In French "caracole" means "prancing"; in English, "caper." Both words perfectly describe this high-spirited erotic adventure. In Caracole, White invents an entire world where country gentry languish in decaying mansions and foppish intellectuals exchange lovers and gossip in an occupied city that resembles both Paris under the Nazis and 1980s New York. To that city comes Gabriel, an awkward boy from the provinces whose social naivete and sexual ardor make him endlessly attractive to a variety of patrons and paramours.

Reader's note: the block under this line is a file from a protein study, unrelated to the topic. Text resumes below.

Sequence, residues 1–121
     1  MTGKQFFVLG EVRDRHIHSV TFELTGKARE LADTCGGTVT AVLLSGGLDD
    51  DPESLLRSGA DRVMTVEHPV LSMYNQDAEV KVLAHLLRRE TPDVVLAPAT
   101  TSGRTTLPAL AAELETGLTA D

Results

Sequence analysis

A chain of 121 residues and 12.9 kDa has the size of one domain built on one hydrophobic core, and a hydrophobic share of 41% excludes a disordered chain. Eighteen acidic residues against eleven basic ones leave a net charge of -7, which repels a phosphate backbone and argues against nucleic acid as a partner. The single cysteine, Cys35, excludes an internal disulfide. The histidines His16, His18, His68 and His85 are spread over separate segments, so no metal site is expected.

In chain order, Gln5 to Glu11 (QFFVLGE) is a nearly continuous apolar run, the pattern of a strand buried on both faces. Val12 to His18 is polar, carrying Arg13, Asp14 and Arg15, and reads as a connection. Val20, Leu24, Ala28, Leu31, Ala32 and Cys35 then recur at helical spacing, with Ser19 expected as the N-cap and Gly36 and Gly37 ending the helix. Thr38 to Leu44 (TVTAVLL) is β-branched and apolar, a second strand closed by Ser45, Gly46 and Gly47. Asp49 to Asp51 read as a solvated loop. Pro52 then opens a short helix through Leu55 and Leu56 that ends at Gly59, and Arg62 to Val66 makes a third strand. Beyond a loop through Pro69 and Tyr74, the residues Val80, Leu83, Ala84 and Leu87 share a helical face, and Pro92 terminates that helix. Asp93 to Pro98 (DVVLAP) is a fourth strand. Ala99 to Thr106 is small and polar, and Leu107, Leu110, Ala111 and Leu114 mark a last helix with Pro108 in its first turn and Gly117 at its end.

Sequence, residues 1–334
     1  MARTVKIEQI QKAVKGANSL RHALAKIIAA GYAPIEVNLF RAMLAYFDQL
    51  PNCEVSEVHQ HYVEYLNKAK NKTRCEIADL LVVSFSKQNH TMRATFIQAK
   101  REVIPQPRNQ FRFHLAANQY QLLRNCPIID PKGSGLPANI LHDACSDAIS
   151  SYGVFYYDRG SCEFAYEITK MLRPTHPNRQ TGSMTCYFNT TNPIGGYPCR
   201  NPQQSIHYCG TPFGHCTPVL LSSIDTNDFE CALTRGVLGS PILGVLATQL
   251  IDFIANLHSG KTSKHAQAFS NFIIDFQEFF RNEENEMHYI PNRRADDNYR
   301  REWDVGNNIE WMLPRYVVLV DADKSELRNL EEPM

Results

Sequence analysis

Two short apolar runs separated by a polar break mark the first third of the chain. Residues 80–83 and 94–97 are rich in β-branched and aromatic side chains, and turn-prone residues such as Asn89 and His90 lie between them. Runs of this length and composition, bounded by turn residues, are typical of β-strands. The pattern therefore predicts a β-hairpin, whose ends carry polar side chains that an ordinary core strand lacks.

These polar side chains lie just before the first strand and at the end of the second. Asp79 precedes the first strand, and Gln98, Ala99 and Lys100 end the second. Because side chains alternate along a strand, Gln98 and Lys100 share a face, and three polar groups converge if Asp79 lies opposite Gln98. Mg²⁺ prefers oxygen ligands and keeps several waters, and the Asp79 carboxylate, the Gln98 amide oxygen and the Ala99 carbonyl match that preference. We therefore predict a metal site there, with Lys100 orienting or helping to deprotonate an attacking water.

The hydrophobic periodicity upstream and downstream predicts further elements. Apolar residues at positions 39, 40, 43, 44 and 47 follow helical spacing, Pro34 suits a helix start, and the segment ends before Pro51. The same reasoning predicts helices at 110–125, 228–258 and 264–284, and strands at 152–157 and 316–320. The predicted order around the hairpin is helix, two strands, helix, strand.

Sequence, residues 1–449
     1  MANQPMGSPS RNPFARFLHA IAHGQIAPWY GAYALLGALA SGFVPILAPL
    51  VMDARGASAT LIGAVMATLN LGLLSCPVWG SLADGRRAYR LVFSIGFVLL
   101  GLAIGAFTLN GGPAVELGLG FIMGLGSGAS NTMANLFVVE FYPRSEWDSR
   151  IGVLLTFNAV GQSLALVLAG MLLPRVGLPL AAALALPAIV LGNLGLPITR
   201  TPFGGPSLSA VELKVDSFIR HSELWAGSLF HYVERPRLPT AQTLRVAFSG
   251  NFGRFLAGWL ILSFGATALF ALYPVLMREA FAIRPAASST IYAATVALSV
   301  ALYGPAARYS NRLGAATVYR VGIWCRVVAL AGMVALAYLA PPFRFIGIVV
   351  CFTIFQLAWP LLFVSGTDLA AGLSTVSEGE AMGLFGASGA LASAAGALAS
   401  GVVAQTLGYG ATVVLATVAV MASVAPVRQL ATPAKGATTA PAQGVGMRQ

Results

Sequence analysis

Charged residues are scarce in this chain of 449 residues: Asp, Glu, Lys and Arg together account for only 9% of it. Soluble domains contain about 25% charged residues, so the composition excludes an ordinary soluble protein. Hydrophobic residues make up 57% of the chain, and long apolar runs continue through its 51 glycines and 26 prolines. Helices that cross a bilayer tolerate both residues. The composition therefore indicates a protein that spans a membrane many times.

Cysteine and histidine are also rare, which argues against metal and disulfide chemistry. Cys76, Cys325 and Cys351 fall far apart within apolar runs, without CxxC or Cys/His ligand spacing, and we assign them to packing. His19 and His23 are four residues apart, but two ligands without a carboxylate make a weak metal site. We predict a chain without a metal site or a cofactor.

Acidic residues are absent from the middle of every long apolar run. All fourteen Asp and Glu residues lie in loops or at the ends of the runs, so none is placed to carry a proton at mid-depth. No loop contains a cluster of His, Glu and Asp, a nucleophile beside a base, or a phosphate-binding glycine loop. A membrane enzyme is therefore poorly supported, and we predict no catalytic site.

"A seduction through language, a masque without masks, Caracole brings back to startling life a dormant strain in serious American writing: the idea of the romantic."--Cynthia Ozick